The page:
Brazil's Rousseff - is this the beginning of the end? A new poll suggests it is
In his latest piece for the Financial Times, director Paulo Sotero analyzes recent polling on the state of President Dilma Rousseff's government.
Paulo Sotero - Financial Times, September 16, 2015
Stopping the downward spiral of Brazil’s economy will take a bitter combination of tax increases and spending cuts. But highly negative reactions to the latest set of such measures announced in Brasília on Monday suggest that the government of president Dilma Rousseff no longer has the credibility needed to be able to contain the crisis it brought upon the nation through miscalculation, mismanagement and an astounding incapacity to govern.
The measures – centered on the recreation of a tax on banking transactions that was shelved just three weeks ago after being rejected by the business community, the public and vice-president Michel Temer – have little chance of being implemented by such a discredited president and government.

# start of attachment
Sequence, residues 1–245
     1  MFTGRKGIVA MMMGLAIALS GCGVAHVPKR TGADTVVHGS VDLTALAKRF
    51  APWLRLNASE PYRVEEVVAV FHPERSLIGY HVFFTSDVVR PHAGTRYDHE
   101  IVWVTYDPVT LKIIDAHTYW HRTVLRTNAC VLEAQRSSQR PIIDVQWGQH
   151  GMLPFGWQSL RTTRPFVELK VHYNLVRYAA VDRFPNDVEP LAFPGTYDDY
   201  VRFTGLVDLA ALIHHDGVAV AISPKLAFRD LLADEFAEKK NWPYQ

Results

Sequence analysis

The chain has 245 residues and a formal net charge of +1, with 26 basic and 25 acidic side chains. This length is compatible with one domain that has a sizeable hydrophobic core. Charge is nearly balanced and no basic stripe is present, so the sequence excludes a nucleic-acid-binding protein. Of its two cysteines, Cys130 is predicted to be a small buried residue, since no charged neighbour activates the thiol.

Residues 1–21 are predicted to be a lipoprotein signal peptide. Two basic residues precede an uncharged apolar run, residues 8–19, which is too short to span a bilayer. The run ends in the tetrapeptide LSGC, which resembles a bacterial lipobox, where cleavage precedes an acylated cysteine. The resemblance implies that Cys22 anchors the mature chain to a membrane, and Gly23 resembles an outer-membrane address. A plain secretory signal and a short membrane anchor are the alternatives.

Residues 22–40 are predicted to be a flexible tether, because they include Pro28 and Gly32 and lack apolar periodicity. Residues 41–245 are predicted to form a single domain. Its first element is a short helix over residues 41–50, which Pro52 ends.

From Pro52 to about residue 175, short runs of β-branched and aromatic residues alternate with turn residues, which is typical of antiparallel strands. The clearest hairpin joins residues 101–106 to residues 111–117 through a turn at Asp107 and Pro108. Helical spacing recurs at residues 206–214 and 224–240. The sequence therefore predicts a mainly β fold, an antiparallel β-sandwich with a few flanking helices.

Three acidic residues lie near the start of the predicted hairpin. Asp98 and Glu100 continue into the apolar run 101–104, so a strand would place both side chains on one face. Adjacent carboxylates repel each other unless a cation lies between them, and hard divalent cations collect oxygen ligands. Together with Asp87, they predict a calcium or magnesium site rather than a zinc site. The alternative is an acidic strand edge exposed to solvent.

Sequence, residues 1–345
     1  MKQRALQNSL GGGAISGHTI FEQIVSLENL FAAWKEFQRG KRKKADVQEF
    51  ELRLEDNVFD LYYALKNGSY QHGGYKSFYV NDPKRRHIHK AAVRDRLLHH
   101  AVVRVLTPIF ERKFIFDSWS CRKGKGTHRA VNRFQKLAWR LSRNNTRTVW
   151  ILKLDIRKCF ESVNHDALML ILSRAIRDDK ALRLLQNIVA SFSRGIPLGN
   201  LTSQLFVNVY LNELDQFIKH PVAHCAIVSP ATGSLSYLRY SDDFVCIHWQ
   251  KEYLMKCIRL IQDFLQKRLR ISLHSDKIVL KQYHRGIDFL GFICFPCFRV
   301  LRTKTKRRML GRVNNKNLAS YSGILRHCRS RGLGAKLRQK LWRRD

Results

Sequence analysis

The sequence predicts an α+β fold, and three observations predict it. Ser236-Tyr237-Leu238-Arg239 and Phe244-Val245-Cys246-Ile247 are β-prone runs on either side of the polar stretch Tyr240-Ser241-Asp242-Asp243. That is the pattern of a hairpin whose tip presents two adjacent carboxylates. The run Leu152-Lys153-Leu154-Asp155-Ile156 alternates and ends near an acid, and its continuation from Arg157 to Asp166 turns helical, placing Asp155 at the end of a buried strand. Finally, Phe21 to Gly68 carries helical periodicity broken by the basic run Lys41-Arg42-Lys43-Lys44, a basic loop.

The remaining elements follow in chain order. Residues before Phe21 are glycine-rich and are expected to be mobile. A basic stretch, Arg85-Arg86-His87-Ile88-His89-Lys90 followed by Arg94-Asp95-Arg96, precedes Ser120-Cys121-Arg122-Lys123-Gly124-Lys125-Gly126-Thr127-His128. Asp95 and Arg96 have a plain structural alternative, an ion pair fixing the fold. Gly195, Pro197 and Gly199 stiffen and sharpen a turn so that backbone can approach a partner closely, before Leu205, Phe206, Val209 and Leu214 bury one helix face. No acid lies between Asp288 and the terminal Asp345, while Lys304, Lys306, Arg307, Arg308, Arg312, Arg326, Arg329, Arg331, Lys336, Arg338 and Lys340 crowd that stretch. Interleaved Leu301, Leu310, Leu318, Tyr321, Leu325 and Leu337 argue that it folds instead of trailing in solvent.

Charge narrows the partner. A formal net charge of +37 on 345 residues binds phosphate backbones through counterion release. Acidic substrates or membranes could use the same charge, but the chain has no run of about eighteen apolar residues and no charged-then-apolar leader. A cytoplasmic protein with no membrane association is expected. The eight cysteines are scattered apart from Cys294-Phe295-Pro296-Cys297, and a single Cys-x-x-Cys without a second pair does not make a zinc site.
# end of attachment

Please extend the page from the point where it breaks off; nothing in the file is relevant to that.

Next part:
“Brazil’s very high tax burden of some 37 per cent of GDP hinders the credibility of a fiscal strategy that is heavily concentrated on tax hikes,” says Monica de Bolle, visiting fellow at the Peterson Institute for International Economics.
This does not mean, however, that Brazilians won’t accept sacrifices needed to overcome the current difficulties and put the country’s economy on a more promising path. Asked whether the ongoing federal investigations into corruption at national oil company Petrobras should continue despite the negative effects they may have for an economy already in recession, 88 per cent said they agreed, in a telephone survey conducted by Ideia Inteligencia, a polling firm, with 20,006 interviews in 144 cities in Brazil, from September 10 to 14.
About the Author
The Brazil Institute—the only country-specific policy institution focused on Brazil in Washington—works to foster understanding of Brazil’s complex reality and to support more consequential relations between Brazilian and U.S. institutions in all sectors. Read more